This section is from the book "Experimental Cookery From The Chemical And Physical Standpoint", by Belle Lowe. Also available from Amazon: Experimental cookery.
In food preparation many of the methods used and many of the ingredients added to foods bring about increased or decreased dispersion.
Heat. Increasing the temperature may bring about a greater or a lesser degree of dispersion. The heating of water increases its dispersion. The dispersion of fat globules in milk is increased by the application of heat to the milk, but when proteins are coagulated by heat the degree of dispersion is decreased.
Mechanical dispersion. Beating of a food is a mechanical means of bringing about a greater or a lesser degree of dispersion. In cookery, stirring may bring about more uniform distribution of particles in a food, like white sauce. But even this may prevent lumping or clumping and thus is a means of bringing about dispersion, just as beating a curdled custard is a mechanical means of bringing about a greater degree of dispersion of a suspension, but although it reduces the size of the curds it does not reduce them enough to change the suspension to the colloidal state. Homogenization of milk or cream is a mechanical means of increasing the dispersion of fat particles. Beating an egg white is a mechanical means of lessening the degree of dispersion, as it brings about partial coagulation of the egg white in the cell walls surrounding the air bubbles.
Dispersion by acids. The addition or the development of acid in preparation of food may be a chemical means of bringing about a greater or a lesser degree of dispersion. For instance, the development of acid during the fermentation of bread brings about greater dispersion of the gluten. The addition of acid to whole egg tends to curdle the egg or bring about a lessened degree of dispersion. If a large enough quantity of acid is added, the degree of dispersion may be increased after passing through a zone of lesser dispersion. The explanation of the different effects of acid on the gluten and on the egg proteins depends upon the isoelectric point of the gluten and the egg protein and the degree of acidity developed. This will be considered later.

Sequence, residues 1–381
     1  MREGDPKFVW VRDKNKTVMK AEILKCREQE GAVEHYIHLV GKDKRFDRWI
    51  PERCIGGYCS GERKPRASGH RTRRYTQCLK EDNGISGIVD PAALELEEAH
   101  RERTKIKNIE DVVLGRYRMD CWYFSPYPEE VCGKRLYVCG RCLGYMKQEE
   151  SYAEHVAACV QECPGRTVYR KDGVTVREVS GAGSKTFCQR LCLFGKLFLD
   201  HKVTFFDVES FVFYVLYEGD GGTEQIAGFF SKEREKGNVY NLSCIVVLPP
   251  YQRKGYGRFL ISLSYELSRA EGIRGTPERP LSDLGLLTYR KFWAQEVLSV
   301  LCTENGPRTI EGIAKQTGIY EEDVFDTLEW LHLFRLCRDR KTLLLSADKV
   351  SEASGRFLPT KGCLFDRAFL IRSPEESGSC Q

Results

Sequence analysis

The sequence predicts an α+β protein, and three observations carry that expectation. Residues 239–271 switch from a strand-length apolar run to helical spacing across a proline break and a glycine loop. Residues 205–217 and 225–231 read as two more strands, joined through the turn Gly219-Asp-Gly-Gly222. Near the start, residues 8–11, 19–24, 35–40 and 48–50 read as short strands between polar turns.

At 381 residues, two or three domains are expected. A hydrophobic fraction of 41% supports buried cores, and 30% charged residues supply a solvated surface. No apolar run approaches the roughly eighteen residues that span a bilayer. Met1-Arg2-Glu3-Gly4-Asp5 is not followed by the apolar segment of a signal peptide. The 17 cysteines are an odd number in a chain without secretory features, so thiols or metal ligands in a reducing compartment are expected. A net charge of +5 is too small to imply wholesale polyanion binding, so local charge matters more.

Dispersion by alkalies. The addition of alkalies may also tend to bring about a greater or a lesser degree of dispersion. In quick breads and cakes the addition of soda in excess of the amount required to neutralize the acidity of the mixture may bring about increased dispersion of the gluten particles, which results in a definite grain or crumb.
The different methods of bringing about a lesser or a greater degree of dispersion are applicable to all food products. In some cases the effect may be modified by other factors. It is interesting to trace these through different classes of food products. If alkali is taken as an example, its effects on some foods may be cited. The alkalies, hydroxides of ammonia, sodium, and potassium or their basic salts are the ones considered. Calcium and magnesium salts may have different effects.
Sucrose is little affected by alkalies if they are not stronger than those ordinarily used in cookery. But when alkalies are added to the mono-saccharid sugars they bring about decomposition. The sugar in solution is in the molecular state, and the alkalies cause increased dispersion, even though the sugar and its decomposition products both remain in molecular dispersion. The properties of the decomposition products are different from those of the original sugar.
Vegetables and fruits are softened by the addition of alkalies during cooking, and they may become mushy and disintegrate. This is probably due to the greater dispersion of the cellulose and pectic substances. In dried legumes, alkalies may also increase the disintegration of some of the protein.
Milk is prevented from curdling or coagulating by the addition of alkali. Curdling is a lessened dispersion of the milk protein, casein. The addition of alkalies to eggs elevates the temperature for coagulation. Alkalies added to doughs cause a greater degree of dispersion of the gluten, which results in a dough that is runny and sticky to handle. In larger quantities the baking quality of the flour is partially destroyed. Alkalies added to gelatin tend to prevent its setting, and they may cause greater dispersion in emulsions.
Dispersion by enzymes. Enzymes may also cause an increased or lessened degree of dispersion in foods. The clotting of milk upon the addition of rennin is an example of lessened dispersion, but the proteinase enzyme in flour increases the dispersion of the gluten.